Another sepia Saturday...
When I was growing up I became aware of the special relationship my father, Nelson, had with his cars. They all had names, for one thing, all taken from the "Uncle Wiggily" children's book series. For years, the secondhand family Chevy (1955, faded blue) was known as "Nurse Jane Fuzzy Wuzzy the Muskrat Lady Housekeeper." I did not find this unusual at the time.
Here are a few shots of my father on his family farm in Livonia, Michigan (near Detroit), in the 1920s.
He was born in 1918, just before the end of the Great War. Here he is in his buggy with his bear.
His first car. Note the old ad on the side of the chicken shed. I understand that many drivers in those days wore outfits like this to keep the mud from splashing their trousers...
His first tricycle almost looks homemade, but he certainly seems happy with it. He appears to be in the side yard of the Bentley Bros. store (see previous Sepia Saturday entry).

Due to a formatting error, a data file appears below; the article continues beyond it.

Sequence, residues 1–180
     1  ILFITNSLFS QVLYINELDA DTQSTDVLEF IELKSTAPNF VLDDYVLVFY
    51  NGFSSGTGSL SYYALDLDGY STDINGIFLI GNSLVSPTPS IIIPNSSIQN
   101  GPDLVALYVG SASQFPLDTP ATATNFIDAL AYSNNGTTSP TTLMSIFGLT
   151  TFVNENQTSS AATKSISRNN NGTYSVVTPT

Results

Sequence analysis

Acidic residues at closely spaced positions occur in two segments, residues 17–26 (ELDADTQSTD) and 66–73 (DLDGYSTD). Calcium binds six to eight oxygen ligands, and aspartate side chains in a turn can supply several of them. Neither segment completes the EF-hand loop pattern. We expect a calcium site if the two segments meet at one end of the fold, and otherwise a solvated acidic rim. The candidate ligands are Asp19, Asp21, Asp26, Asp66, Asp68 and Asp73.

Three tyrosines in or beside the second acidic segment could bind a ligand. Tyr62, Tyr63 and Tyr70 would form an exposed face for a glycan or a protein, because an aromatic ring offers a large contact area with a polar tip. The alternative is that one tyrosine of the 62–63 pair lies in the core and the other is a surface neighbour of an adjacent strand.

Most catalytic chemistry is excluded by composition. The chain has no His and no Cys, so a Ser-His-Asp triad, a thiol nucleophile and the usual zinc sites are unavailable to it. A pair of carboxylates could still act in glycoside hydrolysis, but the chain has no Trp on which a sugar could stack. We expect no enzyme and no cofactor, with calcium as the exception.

Here's a slightly later model. His baby sister Margaret seems to have inherited the old one. In the background is the International delivery truck, "Bosco," that belonged to the store.
I have no idea who's behind the wheel. Perhaps Uncle Clyde's wife Gladys. Through high school my father drove eggs, milk, and live turkeys for Clyde (who was the Turkey King) to customers around Wayne County.
But Nelson for now really had his sights set on the Marmon.
By the time he got to drive it, it was knackered, and among other things had no brakes but reportedly required you to throw a concrete block tied to a rope out of the window in order to stop. I don't know whether he had a name for it, but "The Bad Pipsissewa" would probably not have been inappropriate.